Bolt Things Down: Grills, patio furniture, and garden statuary can be bolted down, or secured to immovable objects using wire cables with locks. Large containers can be cemented in place at the base or with wall anchors. Because heavy objects are more difficult to move, adding large stones at the bottom of large containers may offer at least a small degree of protection.
Use Prickly Plantings: Thorny hedges and prickly plantings can be a good compliment to other crime prevention measures. They also provide extra benefits such as producing food (berries) for local wildlife, and providing the garden with colorful foliage. Use them around the perimeter of your yard, around garden statuary, or place them strategically below vulnerable windows. Try Barberry (Berberis), Hawthorne (Crataegus), Firethorn (Pyrachanthus), Holly (Ilex), or Rambling roses (Rosa Rugosa).
Set An Alarm: If you have an existing home security system, consider having the service extended to garages and other outbuildings.
Add Lighting: Most thieves do not like to risk being seen. Make it difficult for them to get close your valuables by installing landscape lighting and motion-sensor security lights to overlook your garden.
Check Your Insurance Coverage: Ask your agent if your homeowner's policy covers losses to your yard and garden. If it doesn't, find out how much it would cost for additional coverage.
Partner With Your Neighbors: A Neighborhood Watch is an organized group of neighbors who help prevent crime by observing and reporting suspicious activities in their community to local law enforcement. For more information on how you can start a Neighborhood Watch visit www.nnwi.org.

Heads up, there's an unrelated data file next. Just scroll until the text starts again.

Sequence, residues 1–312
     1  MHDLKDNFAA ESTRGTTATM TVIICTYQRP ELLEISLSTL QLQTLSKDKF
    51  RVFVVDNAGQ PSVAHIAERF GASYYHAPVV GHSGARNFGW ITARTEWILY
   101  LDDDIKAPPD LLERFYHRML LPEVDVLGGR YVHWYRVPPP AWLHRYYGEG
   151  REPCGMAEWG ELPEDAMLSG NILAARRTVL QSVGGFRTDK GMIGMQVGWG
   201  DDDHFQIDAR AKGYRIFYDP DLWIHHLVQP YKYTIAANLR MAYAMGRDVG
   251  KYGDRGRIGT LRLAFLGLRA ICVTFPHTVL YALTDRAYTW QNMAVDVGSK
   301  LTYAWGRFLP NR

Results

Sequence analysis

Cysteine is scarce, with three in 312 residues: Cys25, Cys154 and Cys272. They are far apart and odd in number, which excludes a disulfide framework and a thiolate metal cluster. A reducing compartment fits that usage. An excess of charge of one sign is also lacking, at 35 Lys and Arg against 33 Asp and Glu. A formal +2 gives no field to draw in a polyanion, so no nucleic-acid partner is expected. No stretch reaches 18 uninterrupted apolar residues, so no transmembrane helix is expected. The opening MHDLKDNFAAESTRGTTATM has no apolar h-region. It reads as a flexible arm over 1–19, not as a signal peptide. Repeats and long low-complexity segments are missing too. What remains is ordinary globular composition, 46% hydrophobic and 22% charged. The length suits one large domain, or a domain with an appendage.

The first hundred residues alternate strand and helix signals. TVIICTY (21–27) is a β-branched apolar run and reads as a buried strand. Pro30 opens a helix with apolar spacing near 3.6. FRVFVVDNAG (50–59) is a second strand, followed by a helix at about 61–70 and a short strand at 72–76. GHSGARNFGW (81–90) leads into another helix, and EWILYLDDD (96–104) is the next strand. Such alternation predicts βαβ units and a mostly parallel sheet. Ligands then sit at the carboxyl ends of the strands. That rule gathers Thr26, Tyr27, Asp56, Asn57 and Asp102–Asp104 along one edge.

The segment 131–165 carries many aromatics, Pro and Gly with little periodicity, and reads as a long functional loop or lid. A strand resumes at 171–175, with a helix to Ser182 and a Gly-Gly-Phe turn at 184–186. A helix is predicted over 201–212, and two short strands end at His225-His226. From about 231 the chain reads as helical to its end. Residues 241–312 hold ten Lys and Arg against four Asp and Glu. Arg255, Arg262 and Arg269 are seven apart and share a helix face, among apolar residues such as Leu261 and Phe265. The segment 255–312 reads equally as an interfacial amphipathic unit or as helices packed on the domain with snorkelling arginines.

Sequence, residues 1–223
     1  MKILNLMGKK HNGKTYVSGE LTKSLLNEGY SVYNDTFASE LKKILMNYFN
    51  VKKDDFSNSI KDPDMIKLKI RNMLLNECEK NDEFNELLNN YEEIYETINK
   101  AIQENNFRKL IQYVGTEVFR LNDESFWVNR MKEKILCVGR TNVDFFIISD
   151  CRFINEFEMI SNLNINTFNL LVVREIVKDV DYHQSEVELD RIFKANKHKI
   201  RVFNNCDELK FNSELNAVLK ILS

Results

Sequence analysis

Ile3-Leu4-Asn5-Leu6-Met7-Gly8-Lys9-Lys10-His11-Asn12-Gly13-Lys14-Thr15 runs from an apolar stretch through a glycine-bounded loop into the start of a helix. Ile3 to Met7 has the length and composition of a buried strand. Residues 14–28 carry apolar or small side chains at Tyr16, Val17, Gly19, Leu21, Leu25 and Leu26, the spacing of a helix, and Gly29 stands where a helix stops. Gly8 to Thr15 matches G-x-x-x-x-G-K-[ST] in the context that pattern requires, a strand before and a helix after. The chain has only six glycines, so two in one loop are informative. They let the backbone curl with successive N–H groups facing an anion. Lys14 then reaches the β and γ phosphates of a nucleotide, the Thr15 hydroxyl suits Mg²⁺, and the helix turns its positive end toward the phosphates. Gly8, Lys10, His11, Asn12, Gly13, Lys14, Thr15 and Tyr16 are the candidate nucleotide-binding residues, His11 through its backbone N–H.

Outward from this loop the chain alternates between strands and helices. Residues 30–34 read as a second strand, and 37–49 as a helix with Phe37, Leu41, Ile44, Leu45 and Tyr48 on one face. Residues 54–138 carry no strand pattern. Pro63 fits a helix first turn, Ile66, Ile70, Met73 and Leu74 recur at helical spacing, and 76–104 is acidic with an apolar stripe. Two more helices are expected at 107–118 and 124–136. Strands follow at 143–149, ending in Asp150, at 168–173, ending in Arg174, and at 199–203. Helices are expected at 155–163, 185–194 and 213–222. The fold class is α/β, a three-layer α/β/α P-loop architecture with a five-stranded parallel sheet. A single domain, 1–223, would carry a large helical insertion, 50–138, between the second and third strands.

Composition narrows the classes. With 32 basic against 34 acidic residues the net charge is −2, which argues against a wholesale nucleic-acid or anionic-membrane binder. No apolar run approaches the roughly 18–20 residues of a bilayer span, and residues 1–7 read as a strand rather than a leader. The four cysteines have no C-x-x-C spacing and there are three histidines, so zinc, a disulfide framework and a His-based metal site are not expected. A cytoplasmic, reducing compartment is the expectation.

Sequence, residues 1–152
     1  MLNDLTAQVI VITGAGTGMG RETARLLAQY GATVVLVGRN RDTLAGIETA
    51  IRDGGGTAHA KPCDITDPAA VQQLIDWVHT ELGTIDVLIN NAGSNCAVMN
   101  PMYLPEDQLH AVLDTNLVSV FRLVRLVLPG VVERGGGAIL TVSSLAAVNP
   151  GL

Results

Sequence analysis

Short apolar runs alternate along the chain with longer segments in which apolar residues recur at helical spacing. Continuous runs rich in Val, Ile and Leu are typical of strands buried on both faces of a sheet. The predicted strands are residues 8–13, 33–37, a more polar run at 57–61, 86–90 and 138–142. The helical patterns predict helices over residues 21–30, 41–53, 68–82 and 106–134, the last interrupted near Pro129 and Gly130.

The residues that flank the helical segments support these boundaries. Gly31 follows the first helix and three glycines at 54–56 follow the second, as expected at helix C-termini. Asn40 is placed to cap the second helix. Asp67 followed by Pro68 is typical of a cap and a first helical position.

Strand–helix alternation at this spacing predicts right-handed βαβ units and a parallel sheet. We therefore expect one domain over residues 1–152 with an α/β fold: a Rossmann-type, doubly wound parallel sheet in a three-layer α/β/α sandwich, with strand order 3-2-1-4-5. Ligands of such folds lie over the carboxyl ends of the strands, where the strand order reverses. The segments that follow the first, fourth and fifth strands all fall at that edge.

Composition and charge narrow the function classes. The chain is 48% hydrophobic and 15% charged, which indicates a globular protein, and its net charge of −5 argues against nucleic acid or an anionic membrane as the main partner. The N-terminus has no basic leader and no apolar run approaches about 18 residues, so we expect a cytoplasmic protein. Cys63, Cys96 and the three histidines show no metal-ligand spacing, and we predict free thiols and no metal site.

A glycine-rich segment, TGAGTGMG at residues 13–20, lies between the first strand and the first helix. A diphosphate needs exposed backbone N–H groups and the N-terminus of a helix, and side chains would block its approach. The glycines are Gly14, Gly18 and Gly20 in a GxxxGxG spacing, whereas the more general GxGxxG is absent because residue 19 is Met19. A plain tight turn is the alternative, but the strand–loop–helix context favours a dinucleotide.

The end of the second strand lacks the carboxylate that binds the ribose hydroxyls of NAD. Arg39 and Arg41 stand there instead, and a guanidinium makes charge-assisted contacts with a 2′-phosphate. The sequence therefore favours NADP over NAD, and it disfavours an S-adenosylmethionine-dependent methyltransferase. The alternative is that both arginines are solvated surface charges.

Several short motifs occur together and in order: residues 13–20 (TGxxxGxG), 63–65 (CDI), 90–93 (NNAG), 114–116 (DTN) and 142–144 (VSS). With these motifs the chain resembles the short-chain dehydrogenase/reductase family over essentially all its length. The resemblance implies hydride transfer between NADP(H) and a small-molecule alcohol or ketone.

Ask a QuestionHere are the questions asked by community members. Read on to see the answers provided by the ThriftyFun community or ask a new question.
Are squirrels capable of literally removing a plant from it's pot without leaving evidence of it ever being there? I had a blueberry plant disappear from my covered deck yesterday with no neighbors to blame.
I dont think so. Animals just eat the food. If they tip over the planter they would leaves the dirt all over the place. I think a human took it.
Sounds like an innocent squirrel may be about to get blamed for the works of a "two-legged" thief.
you know what, the same exact thing happened to me last year with 2 tomato plants I had. It was such a surgical job that I was convinced some neighbor came with a trowel and ran off with the plants! People I've since spoken with say that squirrels and other animals are capable of doing that